A family of homebuilders whose construction efforts in the 1950s and ’60s doubled the size of Palm Springs and transformed the architectural look of the city will be honored posthumously Friday with a star on the Palm Springs Walk of the Stars.
The Alexander family — George and Mildred, their son Robert and his wife Helene — will receive a star on the sidewalk outside the Palm Springs Art Museum’s Architecture and Design Center, the 439th star since the initial five were unveiled on Feb. 26, 1992.
“I am overjoyed to be celebrating my family and the beautiful and thoughtful contributions they made to this wonderful city,” said Jill Kitnick, the daughter of Robert and Helene Alexander. “I love that my maiden name has become a noun: `I live in an Alexander’ — `I remodeled an Alexander’ — `I flipped an Alexander.”’
Kitnick will accept the star on her family’s behalf at the ceremony set for 2 p.m. at 300 S. Palm Canyon Drive. Palm Springs Mayor Geoff Kors and Palm Springs Chamber of Commerce CEO Nona Watson will emcee.
More than 2,500 “Alexanders” were built in Palm Springs by the Alexander Construction Company. The firm embraced a modern style of homebuilding that included simple designs and an open floor plan that were affordable for middle-class families.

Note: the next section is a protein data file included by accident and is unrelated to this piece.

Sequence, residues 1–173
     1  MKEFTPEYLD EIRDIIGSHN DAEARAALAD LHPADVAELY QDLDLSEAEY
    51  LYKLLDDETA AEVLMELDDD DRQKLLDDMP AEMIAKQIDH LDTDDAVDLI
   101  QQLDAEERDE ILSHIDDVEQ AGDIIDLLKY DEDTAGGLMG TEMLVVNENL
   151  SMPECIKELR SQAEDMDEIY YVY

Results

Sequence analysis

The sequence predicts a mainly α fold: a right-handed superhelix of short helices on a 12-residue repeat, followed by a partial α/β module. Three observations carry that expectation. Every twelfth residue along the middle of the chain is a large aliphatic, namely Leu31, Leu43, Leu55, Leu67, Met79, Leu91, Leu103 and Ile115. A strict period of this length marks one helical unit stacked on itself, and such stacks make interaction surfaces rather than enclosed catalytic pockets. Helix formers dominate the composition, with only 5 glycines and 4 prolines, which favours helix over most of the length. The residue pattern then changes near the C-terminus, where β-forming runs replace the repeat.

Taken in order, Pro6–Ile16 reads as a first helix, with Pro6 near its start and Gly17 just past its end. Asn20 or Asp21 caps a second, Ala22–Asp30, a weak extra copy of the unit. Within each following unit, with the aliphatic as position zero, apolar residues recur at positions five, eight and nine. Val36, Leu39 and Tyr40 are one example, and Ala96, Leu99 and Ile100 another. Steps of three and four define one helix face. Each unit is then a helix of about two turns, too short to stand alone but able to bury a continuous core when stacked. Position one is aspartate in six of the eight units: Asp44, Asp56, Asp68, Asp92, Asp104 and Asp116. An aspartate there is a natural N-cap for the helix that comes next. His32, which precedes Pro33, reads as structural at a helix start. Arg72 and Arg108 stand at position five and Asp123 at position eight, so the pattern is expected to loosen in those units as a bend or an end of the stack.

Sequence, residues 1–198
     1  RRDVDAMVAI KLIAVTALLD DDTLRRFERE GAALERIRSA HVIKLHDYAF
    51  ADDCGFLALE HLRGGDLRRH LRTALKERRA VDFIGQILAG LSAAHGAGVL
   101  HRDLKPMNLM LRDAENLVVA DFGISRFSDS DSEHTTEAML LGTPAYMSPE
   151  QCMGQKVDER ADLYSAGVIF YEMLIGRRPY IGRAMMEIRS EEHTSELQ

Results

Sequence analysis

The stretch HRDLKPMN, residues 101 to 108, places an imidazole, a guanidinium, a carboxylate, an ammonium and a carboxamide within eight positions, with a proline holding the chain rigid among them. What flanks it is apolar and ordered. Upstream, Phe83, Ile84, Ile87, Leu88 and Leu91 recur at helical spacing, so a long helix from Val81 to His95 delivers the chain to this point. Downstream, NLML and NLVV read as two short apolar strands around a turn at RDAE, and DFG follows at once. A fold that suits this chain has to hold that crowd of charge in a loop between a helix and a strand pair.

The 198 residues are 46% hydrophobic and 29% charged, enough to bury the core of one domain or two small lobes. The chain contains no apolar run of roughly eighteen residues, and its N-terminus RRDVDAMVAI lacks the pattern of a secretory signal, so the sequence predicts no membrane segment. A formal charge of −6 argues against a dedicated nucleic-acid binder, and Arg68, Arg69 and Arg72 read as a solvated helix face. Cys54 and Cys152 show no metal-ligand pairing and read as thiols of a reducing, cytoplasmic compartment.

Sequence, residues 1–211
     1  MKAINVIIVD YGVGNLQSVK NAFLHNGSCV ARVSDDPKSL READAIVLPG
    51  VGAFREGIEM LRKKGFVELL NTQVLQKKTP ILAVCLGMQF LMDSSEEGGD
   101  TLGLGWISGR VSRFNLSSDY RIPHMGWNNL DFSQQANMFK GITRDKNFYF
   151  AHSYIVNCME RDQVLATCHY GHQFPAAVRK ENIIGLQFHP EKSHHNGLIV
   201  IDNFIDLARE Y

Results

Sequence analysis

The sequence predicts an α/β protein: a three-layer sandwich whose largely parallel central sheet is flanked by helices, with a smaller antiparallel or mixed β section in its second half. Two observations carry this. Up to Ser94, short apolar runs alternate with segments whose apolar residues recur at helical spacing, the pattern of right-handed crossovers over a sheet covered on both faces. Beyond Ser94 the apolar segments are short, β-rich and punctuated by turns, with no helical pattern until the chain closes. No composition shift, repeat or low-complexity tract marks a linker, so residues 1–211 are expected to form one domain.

All four Alexanders died when their chartered plane crashed into an Indio mountainside in 1965.
In the decade they were the active, the family built several iconic homes and hotels, including the Octotillo Lodge in South Palm Springs in 1956. The first Alexander development was the Twin Palms Estates in 1957, followed by Racquet Club Road Estates, plus more than 300 homes in the Vista Las Palmas neighborhood that quickly became favored by Hollywood movie stars.
Thousands of tourists flock annually to the House of Saturday in the Vista Las Palmas neighborhood, built by Robert Alexander for his family in 1960. The home, which was designed by the modernist architect William Krisel, became famous after Elvis and Priscilla Presley honeymooned there following their wedding in 1968. The residence was dubbed the Elvis Honeymoon Hideaway.
A collection of modern-style homes was not all the Alexanders left behind. They were also local philanthropists who donated money to local organizations like the Boys Club, now known as the Boys & Girls Club of Palm Springs, whose vice president, Rick Werlin, is scheduled to speak at the star dedication.
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